Now we are wowed by technology.  Everyone was talking about how AMAZING it was that some dude was tweeting about the helicopters that flew by his house on the way to kill Bin Laden.  Isn’t the world an amazing place?  Big deal. The people who won World War Two only had pencils and pens to plan things with.  They beat Germany AND Japan.  They had that thing we had in the first few weeks after the attacks, that sense of unity.  But when they had it it meant they were ready to eat nothing but beets and send their men to die.  We all got flags and bumper stickers and told each other we supported the troops.  Saturday Night Live came back on and we acted like France got liberated.

What did we do for the last ten years?  People told us that if we acted any differently the terrorists win, right?  Well I didn’t do anything different, and I don’t think they lost.  If every generation has a war that defines us then this fits us perfectly.  We watched it on TV, were told to go shopping, we got a tax cut and MAYBE we knew someone who knew someone who was in the service.

Did you ever wonder why in World War Two you actually had to BE a hero to get called one?  It’s because back then what we call heroes now they called Ernie.  Or Hal.  Just regular guys who had to go in the Army because there was a lot at stake.  The people in the service now deserve to have their asses kissed by us for a lot of reasons but not the least of which is because the rest of us cannot fathom doing anything like that.  Sacrificing for people we don’t know.  Or for an ideal.  We’re too special.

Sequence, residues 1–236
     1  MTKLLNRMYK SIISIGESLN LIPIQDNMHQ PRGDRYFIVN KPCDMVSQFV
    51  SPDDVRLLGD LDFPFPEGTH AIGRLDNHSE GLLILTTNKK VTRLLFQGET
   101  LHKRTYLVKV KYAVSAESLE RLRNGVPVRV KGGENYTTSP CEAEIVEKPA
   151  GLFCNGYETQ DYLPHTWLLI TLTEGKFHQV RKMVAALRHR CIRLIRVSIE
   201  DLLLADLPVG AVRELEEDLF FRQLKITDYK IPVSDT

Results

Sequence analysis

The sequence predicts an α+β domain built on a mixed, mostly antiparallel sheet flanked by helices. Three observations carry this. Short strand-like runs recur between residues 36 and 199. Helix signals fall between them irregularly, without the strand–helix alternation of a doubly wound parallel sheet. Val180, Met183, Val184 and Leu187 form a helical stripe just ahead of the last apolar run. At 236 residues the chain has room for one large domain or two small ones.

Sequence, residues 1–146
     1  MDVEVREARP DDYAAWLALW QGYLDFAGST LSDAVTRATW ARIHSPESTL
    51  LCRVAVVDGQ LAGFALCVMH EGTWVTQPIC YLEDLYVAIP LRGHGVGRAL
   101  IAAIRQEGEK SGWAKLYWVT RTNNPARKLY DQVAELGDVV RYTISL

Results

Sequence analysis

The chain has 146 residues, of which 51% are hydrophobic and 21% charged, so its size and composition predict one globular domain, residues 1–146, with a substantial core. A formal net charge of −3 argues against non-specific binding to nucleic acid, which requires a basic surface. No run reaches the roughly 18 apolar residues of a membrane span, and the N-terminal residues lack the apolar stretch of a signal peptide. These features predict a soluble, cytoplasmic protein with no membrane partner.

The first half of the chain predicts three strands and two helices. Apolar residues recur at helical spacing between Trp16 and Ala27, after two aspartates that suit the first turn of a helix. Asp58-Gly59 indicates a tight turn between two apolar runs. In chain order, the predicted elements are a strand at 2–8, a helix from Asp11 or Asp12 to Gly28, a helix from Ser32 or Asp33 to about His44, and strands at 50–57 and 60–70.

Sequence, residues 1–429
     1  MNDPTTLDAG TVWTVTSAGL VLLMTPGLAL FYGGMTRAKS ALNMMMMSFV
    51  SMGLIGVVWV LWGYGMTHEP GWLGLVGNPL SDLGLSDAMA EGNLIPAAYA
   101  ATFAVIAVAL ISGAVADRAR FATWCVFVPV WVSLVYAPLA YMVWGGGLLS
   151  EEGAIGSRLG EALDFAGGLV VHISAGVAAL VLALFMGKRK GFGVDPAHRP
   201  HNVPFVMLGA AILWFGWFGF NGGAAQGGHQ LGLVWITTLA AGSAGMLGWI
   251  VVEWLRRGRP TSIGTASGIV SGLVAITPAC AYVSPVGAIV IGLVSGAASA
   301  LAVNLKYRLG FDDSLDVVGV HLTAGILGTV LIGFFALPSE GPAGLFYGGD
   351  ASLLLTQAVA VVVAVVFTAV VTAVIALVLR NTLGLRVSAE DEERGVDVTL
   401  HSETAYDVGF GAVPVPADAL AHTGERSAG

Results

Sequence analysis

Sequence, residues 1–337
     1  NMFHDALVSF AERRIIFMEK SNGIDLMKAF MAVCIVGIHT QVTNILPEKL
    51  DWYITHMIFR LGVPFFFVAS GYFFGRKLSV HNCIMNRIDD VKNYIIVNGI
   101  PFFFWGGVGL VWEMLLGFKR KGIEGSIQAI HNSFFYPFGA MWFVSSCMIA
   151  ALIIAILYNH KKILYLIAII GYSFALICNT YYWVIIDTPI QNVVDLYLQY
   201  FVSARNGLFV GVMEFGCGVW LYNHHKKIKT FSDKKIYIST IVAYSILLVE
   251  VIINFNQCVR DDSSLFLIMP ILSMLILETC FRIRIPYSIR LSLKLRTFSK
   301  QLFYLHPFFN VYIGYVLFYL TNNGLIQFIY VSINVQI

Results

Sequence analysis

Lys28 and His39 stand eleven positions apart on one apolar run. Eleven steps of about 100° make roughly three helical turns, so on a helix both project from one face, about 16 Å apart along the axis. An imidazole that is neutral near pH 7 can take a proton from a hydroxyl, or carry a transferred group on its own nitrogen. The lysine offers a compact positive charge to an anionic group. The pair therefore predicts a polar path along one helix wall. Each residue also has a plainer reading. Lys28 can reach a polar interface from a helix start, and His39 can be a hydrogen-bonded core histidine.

And we’re fat.  And we fight about “social issues” and we cannot seem to get our heads out of our asses long enough to do something about jobs or energy or anything else.  We can’t do jack.  Politicians can talk about America’s resilient spirit all they want but if they look around they are going to see a bunch of self-absorbed fat asses.  As long as our kids have good self-esteem who gives a crap about anything else, right?  We’re special?  We deserve things?

No, we aren’t.  And no, we don’t.  We’re weak.  We talk about everything we do like it matters which means that when something does matter we probably can’t hear it.  We don’t even have the Space Shuttle anymore.  We don’t have to ask people for directions.  We don’t need to read the paper.  We can play Angry Birds or text people while we take a crap.  Yay us.  In the 10 years since September 11, 2001 we have managed to mess up pretty much every aspect of our country.  And it was because we did what we were told.  We lived our lives normally.  The same selfish, self-absorbed lives we were living on September 10th.

They tell us that September 11th changed everything.  In the opinion of this one person who witnessed but was not injured by the 9/11 attacks, and asking for the pardon of the loved ones of the people who died and all the military people who have died for me and everyone reading this since then, 9/11 changed exactly s***.

I complain when I have to take off my shoes at the airport.  I don’t understand why I have to put my laptop in a separate bin.  I’m an ass.  And, I think it is pretty safe to say that most of you are, too.  Lazy lazy self-absorbed people.

They say that whatever doesn’t kill you makes you stronger.  I guess we died?  Is it too late to change that?  Is there anything you think that needs changing?  Do you know how?  Do  you even want to?  And if you do, are you too busy?  I don’t want to be.  I really don’t.